Saddam can look after himself, but it is worth recalling that other demonised third world leaders of the 20th century eventually made it out to the other side. Nasser and Kenyatta, princes of darkness both of them, became revered anti-colonial icons. There was a moment during the Vietnam war, circa 1967, when the anti-war movement, which had long concentrated on the illegality and immorality of American bombing, was suddenly electrified by the cry raised by a breakaway group: "Victory to the National Liberation Front!" The protesters who stormed Grosvenor Square in 1968 with the slogan "Ho, Ho, Ho Chi Minh!" didn't just campaign for the Americans to pack up and go home: they wanted the Vietnamese communists to win. "Uncle Ho" died in 1969, before he could achieve the status of Mandela (another figure once vilified), but he was well on the way to beatification.
Saddam has had no such luck. He and his regime remain deeply unattractive, and have found no credible apologists. He is portrayed, in most accounts, as a cardboard cut-out, blood dripping from its daggers. Whatever messages he may be sending out are inevitably drowned by the western mantra about "weapons of mass destruction" and "a man who kills his own people". It does not matter that Kuwait was perceived by the Iraqis as one of their provinces, or that the leaders of the innocents in Halabja had allied themselves with Iraq's enemies in Iran. Saddam, like Myra Hindley, will always be considered uniquely evil.
In the 1950s, it was customary for Conservative politicians to compare Nasser with Hitler, and Coughlin follows in the same tedious tradition. Indeed, the Nazis are mentioned so often in his text that he must have the American and Israeli market as much in his sights as the Telegraph reader. Berlin and Baghdad did have a special relationship throughout the 20th century, but it long predated the Nazi era. The Kaiser's archaeologists ransacked the ruins of Babylon before 1914, and its artefacts are displayed to this day to greater advantage in Berlin than in Iraq. If Germany had won the First World War, Iraq might have ended up under German rather than British trusteeship. In 1941, when the nationalist leader Rashid Ali turned against the British empire, he hoped for German support (it never materialised). Even Gerhard Schroder's opposition to the forthcoming British-American war in Iraq owes something to this rooted historical tradition. Yet none of this makes it worth comparing Saddam, or his henchmen, or his forerunners, with the Nazis. It is both pointless and misleading; they play an entirely different game. When the hostile and imbecile rhetoric is stripped away, Saddam should pose no real mystery. He is a wholly comprehensible figure, both a typical tribal chief from Mesopotamia and a political leader accustomed to operating in the modern, urban world. Born in 1937, he is from the Tigris town of Tikrit, a hundred miles north of Baghdad. He is still surrounded by Tikritis, a people whose "ancient reputation for savagery and brutality" was noted long ago by the British occupiers of Iraq. But Saddam makes no attempt - like Libya's Gaddafi - to pretend to be a sheikh in a tent. He is a modernist in a suit. Tribal punishments, once administered through beatings, now involve pistols and machine-guns.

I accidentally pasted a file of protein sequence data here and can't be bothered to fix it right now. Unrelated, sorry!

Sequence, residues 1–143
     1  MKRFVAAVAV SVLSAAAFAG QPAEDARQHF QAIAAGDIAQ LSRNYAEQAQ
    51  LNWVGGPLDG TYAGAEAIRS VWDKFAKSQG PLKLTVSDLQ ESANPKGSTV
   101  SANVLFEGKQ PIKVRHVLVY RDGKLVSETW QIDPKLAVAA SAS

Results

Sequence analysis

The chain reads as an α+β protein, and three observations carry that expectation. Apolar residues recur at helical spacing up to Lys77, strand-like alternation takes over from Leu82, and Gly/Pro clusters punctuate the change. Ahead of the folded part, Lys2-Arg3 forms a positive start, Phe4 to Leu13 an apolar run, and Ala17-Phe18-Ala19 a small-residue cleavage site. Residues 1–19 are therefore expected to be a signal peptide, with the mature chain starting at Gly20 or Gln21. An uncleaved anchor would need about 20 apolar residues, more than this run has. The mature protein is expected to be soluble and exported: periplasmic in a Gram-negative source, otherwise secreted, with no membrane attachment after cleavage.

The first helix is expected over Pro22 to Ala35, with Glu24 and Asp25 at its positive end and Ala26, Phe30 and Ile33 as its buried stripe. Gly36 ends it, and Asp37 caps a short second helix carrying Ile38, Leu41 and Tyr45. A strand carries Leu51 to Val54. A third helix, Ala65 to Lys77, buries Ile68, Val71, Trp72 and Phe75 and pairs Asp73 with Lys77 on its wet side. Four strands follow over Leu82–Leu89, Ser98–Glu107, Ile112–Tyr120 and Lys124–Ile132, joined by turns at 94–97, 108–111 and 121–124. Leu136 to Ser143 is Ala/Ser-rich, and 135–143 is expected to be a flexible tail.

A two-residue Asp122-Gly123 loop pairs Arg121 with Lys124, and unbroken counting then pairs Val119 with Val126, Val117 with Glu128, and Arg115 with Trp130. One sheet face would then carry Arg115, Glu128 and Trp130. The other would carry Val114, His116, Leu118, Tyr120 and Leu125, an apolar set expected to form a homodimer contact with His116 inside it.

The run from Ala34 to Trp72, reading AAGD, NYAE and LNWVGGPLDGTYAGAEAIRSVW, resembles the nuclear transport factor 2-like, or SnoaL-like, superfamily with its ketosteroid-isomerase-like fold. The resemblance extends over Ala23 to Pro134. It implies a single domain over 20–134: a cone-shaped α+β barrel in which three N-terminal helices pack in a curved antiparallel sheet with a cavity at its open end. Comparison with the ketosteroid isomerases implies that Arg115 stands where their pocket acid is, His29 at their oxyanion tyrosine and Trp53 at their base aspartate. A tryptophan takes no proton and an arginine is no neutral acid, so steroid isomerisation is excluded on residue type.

It was as a modern secular ruler that Saddam received Donald Rumsfeld, an American official bearing a friendly message from Ronald Reagan, in Baghdad in December 1983. Sir John Moberly, Britain's ambassador in Baghdad at the time, is one of the few westerners to have summed him up objectively, and is quoted in Coughlin's book: "He was a man who clearly had a strong personality [and] who was very much in control of events. Everyone in Iraq knew where they stood. And they were well aware that if they stepped out of line that would be the end for them. Most Iraqis accepted that Iraq needed a strong leader to maintain law and order, and hold the country together."